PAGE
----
But comping is a separate matter. As long as a comping program is being run correctly, it should enhance resort revenue. If the internal "price" of comped rooms is being valued correctly and if the comp program has a sensible reward rate based on rated play or slot points, the casino should be making more than enough revenue on the gaming side to cover the cost of the comps.
A couple of caveats. If the Sands' two Strip hotels are running at full occupancy with cash-paying, non-gambling guests who spend more on non-gaming amenities like food, clubs and entertainment, then the internal value of rooms in the comp-granting process should be adjusted higher to reflect the true cost of replacing a bigger-spending guest.
And second, if gamblers continue to gamble as much or almost as much without comps, then Adelson & Co. are right, and I am an idiot. But I don't believe most gamblers will continue to play at Venetian and Palazzo if they have no prospect of getting anything comped beyond a free drink (I'm presuming players are still getting free drinks at the tables or machines). Why would they? It's not like Adelson's casinos are so hot, so special that gamblers have to play at a no-comps casino. As a matter of fact there are a handful of better casinos on the Strip, two of them right across Sands Avenue.
Now, I should note right here that I'm skeptical about Sands' follow-through on its announced move. Will its hosts really tell a customer who just dropped $5,000 over a weekend, playing 12 hours of blackjack at more than $100 per hand, that they won't pick up the tab for his room or at least a couple of meals? That's where the rubber meets the road on the new policy: When gamblers' expectations (for reasonable comps) aren't met and those folks never return -- and when they spread the word. And will Sands really stop giving players comps for their accumulated slot points? I am dubious.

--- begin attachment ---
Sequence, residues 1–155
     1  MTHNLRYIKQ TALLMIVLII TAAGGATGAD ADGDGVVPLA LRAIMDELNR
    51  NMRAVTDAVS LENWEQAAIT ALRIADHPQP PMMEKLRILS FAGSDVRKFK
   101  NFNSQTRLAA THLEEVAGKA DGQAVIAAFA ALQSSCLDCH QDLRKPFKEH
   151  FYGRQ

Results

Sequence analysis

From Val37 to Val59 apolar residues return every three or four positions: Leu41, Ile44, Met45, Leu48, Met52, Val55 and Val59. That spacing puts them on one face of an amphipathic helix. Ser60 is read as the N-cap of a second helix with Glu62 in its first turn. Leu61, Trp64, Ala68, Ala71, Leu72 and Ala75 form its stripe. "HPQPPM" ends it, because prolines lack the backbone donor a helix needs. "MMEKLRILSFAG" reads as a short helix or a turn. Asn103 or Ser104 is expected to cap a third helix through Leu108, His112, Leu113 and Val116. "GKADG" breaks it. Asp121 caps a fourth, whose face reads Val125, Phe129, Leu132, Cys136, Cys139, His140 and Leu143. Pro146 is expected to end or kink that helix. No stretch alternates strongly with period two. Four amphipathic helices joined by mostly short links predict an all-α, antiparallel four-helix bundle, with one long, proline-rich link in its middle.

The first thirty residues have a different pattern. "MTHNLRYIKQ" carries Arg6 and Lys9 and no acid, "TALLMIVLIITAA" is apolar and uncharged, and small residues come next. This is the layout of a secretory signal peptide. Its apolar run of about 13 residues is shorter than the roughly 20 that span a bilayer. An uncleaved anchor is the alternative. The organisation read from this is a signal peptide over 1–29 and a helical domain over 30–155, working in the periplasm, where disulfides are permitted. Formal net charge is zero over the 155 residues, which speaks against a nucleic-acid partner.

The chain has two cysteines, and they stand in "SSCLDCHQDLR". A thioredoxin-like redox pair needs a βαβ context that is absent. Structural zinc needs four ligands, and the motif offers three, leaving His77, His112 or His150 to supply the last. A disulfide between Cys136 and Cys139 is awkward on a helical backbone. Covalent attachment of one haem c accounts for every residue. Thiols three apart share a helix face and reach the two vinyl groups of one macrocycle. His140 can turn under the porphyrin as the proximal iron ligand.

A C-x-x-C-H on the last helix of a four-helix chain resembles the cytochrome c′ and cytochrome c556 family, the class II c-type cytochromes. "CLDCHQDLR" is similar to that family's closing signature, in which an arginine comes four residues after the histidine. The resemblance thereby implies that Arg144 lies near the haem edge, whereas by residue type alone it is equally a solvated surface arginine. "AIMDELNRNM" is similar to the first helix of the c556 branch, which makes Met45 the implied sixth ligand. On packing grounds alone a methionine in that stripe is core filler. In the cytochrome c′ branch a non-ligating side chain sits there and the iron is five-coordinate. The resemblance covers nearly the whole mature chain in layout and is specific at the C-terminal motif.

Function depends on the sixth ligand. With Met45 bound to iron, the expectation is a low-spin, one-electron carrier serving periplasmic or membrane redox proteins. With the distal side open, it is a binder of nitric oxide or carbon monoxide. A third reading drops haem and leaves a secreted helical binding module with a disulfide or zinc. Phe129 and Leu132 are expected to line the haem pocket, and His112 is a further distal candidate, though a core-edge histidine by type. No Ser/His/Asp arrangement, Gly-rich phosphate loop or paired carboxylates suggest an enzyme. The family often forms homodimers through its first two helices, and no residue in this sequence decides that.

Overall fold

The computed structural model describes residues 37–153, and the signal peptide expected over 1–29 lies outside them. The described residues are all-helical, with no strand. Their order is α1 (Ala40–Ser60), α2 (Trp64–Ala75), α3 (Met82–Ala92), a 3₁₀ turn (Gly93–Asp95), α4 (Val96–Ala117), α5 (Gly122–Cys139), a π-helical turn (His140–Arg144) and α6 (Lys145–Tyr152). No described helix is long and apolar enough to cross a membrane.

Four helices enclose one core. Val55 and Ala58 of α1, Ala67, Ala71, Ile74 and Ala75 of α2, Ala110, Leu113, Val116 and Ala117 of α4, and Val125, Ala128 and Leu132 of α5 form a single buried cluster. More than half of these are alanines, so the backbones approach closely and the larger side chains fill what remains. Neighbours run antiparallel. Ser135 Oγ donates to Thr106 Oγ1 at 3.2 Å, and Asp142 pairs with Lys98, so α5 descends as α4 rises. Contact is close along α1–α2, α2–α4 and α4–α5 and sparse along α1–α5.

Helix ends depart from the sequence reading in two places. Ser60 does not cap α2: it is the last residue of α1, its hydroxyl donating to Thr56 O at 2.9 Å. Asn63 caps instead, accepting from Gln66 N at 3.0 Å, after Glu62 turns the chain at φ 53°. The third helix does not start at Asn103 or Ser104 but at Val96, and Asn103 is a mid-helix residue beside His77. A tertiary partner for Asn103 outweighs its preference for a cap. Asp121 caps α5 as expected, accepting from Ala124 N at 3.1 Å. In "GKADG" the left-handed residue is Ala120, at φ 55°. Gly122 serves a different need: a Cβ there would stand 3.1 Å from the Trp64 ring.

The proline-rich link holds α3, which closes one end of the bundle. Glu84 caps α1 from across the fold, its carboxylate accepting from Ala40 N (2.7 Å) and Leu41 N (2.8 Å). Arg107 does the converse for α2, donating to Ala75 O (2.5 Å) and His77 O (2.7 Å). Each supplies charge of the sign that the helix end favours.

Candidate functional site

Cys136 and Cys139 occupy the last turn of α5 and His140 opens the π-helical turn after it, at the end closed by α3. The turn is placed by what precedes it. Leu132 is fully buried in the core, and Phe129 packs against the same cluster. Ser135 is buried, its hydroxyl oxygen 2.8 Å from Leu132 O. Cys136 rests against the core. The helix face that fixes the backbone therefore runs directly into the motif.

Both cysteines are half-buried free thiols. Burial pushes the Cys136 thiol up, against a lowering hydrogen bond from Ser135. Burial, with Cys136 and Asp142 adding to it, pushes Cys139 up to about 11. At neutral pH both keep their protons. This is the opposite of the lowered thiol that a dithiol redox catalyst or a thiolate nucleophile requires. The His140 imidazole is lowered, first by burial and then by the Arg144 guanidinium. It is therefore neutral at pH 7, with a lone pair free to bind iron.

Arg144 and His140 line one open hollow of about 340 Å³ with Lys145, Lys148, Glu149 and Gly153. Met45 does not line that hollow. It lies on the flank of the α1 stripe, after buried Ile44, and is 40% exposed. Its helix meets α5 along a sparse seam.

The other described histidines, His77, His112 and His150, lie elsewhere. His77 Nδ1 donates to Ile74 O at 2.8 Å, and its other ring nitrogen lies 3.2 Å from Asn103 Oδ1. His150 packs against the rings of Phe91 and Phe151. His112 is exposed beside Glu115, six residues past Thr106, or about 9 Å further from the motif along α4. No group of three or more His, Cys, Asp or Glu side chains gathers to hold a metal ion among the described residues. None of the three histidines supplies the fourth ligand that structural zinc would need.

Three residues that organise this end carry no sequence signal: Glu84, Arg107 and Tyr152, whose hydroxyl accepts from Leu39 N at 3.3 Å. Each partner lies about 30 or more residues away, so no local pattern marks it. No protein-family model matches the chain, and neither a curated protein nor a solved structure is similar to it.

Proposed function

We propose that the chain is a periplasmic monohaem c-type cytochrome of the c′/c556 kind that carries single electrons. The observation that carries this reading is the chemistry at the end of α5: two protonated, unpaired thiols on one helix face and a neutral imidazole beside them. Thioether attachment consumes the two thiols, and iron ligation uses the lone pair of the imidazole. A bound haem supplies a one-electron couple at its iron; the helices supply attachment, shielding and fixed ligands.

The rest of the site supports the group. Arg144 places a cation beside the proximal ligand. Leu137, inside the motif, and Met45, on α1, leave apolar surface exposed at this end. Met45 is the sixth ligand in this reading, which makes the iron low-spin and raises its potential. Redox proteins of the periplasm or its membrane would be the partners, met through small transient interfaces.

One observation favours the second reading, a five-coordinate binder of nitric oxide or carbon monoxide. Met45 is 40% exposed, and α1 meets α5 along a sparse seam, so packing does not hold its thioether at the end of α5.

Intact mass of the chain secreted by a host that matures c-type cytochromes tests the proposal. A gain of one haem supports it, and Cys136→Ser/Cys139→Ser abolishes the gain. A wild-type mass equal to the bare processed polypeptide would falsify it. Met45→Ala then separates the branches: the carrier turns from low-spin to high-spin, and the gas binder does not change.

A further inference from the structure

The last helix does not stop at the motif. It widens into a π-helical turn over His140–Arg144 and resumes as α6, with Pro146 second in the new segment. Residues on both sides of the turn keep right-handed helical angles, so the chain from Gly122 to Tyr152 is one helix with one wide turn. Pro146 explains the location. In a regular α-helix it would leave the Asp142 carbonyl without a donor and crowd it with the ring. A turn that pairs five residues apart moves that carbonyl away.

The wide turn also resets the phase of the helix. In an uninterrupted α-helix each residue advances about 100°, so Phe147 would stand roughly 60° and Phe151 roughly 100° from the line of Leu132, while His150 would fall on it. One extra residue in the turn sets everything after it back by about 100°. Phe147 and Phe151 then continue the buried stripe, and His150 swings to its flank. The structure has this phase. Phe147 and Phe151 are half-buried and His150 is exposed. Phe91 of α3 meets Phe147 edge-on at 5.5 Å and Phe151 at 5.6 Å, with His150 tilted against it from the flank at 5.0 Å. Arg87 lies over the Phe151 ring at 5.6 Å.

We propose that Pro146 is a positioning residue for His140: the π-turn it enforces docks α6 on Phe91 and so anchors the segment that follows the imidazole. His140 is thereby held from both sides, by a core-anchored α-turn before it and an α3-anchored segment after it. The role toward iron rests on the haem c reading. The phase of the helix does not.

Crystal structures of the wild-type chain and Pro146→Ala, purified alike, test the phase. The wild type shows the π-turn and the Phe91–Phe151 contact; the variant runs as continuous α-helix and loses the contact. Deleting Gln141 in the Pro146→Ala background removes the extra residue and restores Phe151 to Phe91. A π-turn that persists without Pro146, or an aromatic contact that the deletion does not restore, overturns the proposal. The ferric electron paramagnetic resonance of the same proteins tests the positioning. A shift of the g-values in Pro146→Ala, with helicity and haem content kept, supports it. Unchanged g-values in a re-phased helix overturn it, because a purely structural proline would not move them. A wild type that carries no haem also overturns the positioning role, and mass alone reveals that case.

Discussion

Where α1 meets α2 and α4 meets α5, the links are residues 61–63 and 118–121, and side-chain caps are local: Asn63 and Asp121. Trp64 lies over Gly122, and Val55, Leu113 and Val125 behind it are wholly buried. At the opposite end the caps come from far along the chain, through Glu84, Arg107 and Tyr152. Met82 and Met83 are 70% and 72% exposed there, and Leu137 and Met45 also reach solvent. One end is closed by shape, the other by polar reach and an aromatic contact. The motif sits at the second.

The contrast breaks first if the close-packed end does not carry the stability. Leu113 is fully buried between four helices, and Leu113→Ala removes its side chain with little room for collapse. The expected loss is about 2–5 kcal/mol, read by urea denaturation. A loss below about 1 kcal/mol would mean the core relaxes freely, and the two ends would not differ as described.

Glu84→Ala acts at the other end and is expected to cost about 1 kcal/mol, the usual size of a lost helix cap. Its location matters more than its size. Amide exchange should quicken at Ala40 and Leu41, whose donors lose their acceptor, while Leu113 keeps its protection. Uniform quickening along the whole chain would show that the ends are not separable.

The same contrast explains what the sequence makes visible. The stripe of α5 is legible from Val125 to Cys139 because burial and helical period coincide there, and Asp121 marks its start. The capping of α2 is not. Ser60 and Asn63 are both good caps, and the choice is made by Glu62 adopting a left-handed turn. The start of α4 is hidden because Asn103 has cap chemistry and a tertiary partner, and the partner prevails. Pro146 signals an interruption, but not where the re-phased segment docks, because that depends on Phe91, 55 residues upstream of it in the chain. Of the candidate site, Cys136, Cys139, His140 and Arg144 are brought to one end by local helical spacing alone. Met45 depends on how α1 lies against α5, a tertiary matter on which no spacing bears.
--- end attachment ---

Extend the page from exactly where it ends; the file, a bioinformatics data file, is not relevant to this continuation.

Steve Wynn said on his own company's conference call that, while he hadn't really paid much attention to the new Sands comp policy, he saw no reason to change the (admittedly conservative in awarding comps) policy at Wynn Las Vegas and Encore. Wynn has long crushed all competitors when it comes to the performance of his gaming floors, and he understands the aspirational nature of the gambling business. Treat the green- and black-chip bettors right -- someday they may be playing with higher-denomination chips.
This isn't the first issue where Sands and Adelson have broken with the Las Vegas pack. I've been talking for a while about the company's indifference to the industry norm of the all-at-once "hard opening" of new resorts, noting that while Sands suffers from a public relations deficit and media criticism, the company gets as many revenue streams flowing as fast as it can and eventually gets the properties operating smoothly. Adelson loves to mention how he understood the value of convention-goers to a modern gaming resort and how he scorned the "conventional" wisdom that those customers were casino poison. (He clearly was right on that matter, proven by the many copycats he spawned.) I think Adelson thinks comping is another issue where he can go his own way, and I think something in his personality compels him to again try to do his own thing.
This time, I'm certain he's wrong.
-- Jeff Simpson, February 2011